From Our Bishop
Let me extend my warmest greeting to you as you explore our Alaska Annual Conference website. We try to practice radical hospitality in all that we do, and it is our hope to provide you with all you need to navigate our site. If there is anything you cannot find, or have questions not answered on this website, be sure to contact our staff who can direct you to what you need or answers to any questions you might have.
As one of the newest frontiers of our great country, we embody that spirit that has made our nation great: adventure, exploration, experimentation and missions. If you are moving to our great state, or simply visiting, please join us at one of our 28 United Methodist Churches spread throughout Alaska. Hopefully, you will find our United Methodist openness andhospitality that embodies God’s Grace. Once again, welcome, and if there is anything we might do for you, please let us know…
Be the Hope,
Bishop Grant Hagiya
Resident Bishop, the Seattle & Alaska Regions
You can always find Bishop Hagiya’s blog posts at the Greater Northwest Episcopal Area website. Read his latest here!
From Our Superintendent
Welcome to the Alaska United Methodist Conference online portal! We invite you to visit the pages of our website to learn more about our conference and our 28 United Methodist Churches all around the state. We are people committed to making disciples of Jesus Christ for the transformation of the world. We invite you to be partners with us in this mission.
There are other ways we can be connected. Find us on Facebook at: https://www.facebook.com/alaskaumc. We also have a weekly e-newsletter, The E-Aurora, which contains the latest news and events from around the conference. If you would like to receive this, please email: email@example.com and we’ll get you connected right away.
We would also be glad to respond to you if you have questions about us and what we do or have suggestions and feedback about our site.
Thanks for reading and I hope that your time on this site is worth your while.
Your fellow disciple,
Rev. Carlo A. Rapanut
*You can follow Carlo’s blog at: http://reflectionsofarunningrev.blogspot.com
Our new Conference Vision was presented and approved at the Alaska United Methodist Conference on June 5, 2010. This vision is offered to the individual churches to take, and to study, and to pray about. It is designed to be “OPEN”…recognizing that the mission of each individual church will reflect their individual settings. This is offered to our local churches and it is hoped that pastors and laypersons will begin discussing how this shapes their ministry today and into the future. The Visioning Team is committed to keep this mission before us and to work on resources to be used in the local church setting.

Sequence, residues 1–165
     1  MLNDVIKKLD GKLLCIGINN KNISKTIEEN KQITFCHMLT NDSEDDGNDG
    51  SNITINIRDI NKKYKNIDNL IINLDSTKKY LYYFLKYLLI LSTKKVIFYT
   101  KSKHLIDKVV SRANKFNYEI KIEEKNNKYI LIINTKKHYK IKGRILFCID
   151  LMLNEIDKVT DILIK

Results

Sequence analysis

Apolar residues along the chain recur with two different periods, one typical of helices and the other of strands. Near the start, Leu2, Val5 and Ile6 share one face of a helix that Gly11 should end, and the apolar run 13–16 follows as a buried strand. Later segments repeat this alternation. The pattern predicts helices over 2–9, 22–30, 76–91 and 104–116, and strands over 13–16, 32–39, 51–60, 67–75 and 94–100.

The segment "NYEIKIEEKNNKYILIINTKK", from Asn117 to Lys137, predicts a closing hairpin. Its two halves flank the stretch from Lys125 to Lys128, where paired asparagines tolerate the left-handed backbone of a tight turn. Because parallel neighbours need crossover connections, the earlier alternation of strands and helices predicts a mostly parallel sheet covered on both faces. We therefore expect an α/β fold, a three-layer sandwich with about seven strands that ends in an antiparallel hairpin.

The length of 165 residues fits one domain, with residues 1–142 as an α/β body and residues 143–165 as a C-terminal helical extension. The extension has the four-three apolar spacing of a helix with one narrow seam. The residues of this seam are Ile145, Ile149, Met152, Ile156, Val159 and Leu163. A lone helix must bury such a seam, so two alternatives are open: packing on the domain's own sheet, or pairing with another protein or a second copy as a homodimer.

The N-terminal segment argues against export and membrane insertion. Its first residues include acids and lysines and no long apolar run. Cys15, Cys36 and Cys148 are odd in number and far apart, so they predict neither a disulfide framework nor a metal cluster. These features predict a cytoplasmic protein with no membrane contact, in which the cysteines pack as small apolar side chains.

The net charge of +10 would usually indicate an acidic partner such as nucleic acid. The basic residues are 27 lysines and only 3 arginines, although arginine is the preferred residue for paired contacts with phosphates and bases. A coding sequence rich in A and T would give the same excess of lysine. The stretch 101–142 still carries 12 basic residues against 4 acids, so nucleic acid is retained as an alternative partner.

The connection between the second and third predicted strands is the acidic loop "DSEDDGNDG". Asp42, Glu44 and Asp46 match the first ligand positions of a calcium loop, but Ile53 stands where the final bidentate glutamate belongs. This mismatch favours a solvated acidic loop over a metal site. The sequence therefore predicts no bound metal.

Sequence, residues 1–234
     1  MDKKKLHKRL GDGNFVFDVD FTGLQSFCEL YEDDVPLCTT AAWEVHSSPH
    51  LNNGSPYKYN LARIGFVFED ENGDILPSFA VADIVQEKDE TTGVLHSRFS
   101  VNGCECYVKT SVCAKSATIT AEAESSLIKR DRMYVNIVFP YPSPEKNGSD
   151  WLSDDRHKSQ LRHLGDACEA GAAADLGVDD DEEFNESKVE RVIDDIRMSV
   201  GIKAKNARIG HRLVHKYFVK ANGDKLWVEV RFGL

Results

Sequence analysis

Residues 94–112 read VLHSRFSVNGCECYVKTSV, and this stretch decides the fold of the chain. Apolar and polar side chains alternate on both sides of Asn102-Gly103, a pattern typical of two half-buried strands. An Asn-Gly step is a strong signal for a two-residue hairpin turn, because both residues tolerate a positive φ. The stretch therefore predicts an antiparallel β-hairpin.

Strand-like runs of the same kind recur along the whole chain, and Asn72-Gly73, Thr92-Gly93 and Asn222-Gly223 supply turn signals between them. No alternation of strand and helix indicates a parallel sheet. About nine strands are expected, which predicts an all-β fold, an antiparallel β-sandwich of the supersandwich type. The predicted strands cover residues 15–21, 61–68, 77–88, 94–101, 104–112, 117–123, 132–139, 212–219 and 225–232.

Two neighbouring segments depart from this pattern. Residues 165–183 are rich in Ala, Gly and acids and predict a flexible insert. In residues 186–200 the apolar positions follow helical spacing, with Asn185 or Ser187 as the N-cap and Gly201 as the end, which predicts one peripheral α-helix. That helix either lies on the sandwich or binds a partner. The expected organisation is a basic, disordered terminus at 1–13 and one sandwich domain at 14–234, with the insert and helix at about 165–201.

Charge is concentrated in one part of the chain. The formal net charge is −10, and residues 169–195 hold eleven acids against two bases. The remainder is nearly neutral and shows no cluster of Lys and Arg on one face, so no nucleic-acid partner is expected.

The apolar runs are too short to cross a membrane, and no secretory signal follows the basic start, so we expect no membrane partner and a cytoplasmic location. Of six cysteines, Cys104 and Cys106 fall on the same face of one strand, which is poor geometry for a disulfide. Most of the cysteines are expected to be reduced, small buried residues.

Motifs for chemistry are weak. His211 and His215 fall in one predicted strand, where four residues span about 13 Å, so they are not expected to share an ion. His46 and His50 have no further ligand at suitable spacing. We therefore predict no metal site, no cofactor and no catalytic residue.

Five Top Priorities:
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Third, we have four questions to guide our discussions in our settings. These are meant to focus us and force us all to ask the big questions about who we are, who are the people in our communities that aren’t being reached, and what kind of sacrifices are we willing to make as we discern where it is that God wants us to go. Each church will come up with different answers here.
Our Vision Theme:
This vision theme is for all of our churches to take back to their local settings. This theme gives us a timeframe/benchmark of the year 2020. So, we have nine years to be focusing on this in our local settings and nine years to be thinking ahead to where God is calling each of our churches in the years to come. And we look at this, understanding that we are moving forward to a horizon…but that it’s God’s horizon. We look at this, praying that God would, indeed, give us 20/20 Vision.
By Larry Hayden
Some of the first known Methodist missionary work was a result of visits from British Columbia to Wrangell in 1877 by the Reverend Thomas Crosby, pastor of the Fort Simpson Methodist Church.
In 1886 John and Ethelda Carr were sent by the General Agent for Education in Alaska, Dr. Sheldon Jackson, to start a school and church in Unga in the Shumagin Islands. The Women’s Home Missionary Society of the Methodist Episcopal Church furnished support and travel money for Mrs. Carr. Methodist work carried on sporadically in Unga until about 1953.
In 1890 the Women’s Home Missionary Society furnished money to build and operate a children’s home in Unalaska, named for Jesse Lee, one of the early itinerant Methodist preachers on the New England and east coast.